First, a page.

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10 12, 2018

Beautiful Buffalo River Action Committee (BBRAC) Meeting (11/13/18)

By | 2018-12-10T15:10:41+00:00 December 10th, 2018|Categories: Pack & Paddle, Winter 2018|Tags: |

At a recent BBRAC meeting in Little Rock, several agencies reported some action. The Health Department reported on a small survey of septic systems in Newton County, and the Geology Department has stunning new relief maps of the watershed. But the most important meeting announcements were by Mark Faust, the new Superintendent of the Buffalo National River, and Billy Justus of the Little Rock office of the United States Geological Survey (USGS). Faust announced a “Buffalo River Science Symposium” scheduled for April 23-24 at the Durand Center in Harrison. The idea is to present as much science pertaining to the Buffalo River watershed as possible. This could be an opportunity to exchange ideas with researchers and regulators like the Arkansas Department of Environmental Quality and the Big Creek Research Extension Team and the many citizen advocacy groups like the Buffalo River Watershed Alliance, Ozark Society, etc. Justus made a presentation about microbial source testing on Mill Creek, which is notorious for years of pollution from non-functioning sewage treatment at Dog Patch, and also from cattle farms in the Crooked Creek drainage, which none-the-less contributes to Mill Creek because of karst. They are differentiating between poultry, humans and cattle, but not hogs [...]

10 12, 2018

The OS Young Naturalists

By | 2018-12-10T15:19:52+00:00 December 10th, 2018|Categories: Pack & Paddle, Winter 2018|Tags: |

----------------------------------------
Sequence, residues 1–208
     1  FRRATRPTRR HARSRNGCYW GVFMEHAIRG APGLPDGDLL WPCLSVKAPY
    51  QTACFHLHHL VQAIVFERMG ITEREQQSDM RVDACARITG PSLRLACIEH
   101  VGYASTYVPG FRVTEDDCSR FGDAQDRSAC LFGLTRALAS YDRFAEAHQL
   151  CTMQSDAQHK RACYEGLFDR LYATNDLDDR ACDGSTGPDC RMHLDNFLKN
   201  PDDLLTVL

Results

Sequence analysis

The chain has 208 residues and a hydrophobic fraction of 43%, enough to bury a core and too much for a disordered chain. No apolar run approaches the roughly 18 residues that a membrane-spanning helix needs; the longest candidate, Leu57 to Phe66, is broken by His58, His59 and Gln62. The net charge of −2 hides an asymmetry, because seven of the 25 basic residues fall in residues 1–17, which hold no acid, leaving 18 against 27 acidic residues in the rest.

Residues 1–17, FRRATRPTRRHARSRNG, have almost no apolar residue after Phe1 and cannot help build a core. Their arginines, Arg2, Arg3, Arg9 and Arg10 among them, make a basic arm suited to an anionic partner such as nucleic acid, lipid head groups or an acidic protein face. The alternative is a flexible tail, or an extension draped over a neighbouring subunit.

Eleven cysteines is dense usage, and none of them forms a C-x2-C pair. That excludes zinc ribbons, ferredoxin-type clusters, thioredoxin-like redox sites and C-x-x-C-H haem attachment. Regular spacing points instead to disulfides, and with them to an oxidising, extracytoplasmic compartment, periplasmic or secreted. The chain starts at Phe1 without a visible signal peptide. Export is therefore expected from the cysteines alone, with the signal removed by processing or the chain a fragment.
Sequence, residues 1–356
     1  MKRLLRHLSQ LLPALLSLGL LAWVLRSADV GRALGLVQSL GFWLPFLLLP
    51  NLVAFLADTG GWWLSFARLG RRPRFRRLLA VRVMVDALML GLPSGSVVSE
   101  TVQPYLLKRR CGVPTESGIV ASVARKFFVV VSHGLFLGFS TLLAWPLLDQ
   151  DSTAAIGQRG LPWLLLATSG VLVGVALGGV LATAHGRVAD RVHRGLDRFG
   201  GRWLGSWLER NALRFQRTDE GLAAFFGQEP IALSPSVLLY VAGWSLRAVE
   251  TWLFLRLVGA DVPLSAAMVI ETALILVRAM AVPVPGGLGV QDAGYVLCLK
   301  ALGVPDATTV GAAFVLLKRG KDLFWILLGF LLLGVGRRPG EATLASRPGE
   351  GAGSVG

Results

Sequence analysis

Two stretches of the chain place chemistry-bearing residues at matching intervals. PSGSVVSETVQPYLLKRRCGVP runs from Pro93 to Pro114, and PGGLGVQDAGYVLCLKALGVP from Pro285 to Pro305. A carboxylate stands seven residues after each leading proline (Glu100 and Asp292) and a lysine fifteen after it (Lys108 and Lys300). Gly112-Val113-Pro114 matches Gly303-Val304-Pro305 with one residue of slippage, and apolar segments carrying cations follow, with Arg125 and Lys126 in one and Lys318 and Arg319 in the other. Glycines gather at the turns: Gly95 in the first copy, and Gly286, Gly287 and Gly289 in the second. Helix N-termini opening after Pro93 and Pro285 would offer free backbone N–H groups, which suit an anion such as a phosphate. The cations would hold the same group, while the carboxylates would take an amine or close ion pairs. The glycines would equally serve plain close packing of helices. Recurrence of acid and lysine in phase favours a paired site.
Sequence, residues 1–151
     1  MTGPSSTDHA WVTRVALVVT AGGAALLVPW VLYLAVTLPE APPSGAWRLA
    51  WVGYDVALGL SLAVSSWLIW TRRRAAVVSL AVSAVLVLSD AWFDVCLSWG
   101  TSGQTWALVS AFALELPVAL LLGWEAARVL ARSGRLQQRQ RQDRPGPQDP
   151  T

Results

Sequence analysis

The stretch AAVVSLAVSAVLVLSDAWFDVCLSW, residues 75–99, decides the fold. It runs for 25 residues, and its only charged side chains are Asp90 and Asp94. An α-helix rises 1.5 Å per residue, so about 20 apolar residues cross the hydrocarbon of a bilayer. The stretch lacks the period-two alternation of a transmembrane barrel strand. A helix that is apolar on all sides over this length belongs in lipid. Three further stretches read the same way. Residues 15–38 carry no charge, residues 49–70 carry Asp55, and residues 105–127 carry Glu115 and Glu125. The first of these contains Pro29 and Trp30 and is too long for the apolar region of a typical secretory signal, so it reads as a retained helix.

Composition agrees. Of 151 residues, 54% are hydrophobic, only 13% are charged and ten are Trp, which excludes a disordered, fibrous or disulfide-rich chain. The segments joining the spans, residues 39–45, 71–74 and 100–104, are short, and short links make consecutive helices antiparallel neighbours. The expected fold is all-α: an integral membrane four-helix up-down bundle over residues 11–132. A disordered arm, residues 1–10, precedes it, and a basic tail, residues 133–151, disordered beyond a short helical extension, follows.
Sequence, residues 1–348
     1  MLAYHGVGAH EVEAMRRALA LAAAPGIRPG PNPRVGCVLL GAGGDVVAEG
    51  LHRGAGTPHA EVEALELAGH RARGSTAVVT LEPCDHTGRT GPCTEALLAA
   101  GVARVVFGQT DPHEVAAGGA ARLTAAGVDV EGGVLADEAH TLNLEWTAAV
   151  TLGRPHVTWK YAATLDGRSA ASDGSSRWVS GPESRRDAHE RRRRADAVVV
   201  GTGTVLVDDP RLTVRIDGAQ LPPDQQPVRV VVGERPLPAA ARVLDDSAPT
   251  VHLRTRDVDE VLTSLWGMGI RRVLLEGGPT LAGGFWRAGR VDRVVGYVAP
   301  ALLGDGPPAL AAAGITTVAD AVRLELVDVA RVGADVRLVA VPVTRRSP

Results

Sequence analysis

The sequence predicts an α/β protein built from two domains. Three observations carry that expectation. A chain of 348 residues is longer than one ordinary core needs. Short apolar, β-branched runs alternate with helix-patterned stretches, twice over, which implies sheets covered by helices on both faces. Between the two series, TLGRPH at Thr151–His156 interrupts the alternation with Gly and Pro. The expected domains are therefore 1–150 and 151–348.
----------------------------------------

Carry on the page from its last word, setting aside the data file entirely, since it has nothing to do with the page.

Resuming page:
What a beautiful sight!  It’s certainly uplifting to see children and parents’ hike in our local parks while observing butterflies, identifying native trees, listening to birdcalls and discovering animal tracks.  Ozark Society Young Naturalists began sessions this fall for children ages seven to nine. This new initiative for the Highlands and Sugar Creek Chapters of the Ozark Society presents outdoor learning opportunities in the fall and spring. Each Sunday afternoon focuses on a different topic. Geology, botany, entomology, reptile studies and bird appreciation are topics for our Sunday outings. Hiking while discovering birds and bugs, rocks and flowers seems like a great way for families with young children to spend Sunday afternoons! We generally have between 11 or 12 students along with their parents or grandparents.   They include students from at least 4 elementary schools.  This fall we partnered with the Audubon Society, Master Naturalists, Prism Elementary, and the University of Arkansas Entomology Department.  The program greatly benefited from critical input, program presentation and support provided by other organizations. What’s going on now?  We’re planning our spring sessions. Presently, a geology unit is in the works and the Master Naturalists will be presenting an insect program.  We are also considering a session [...]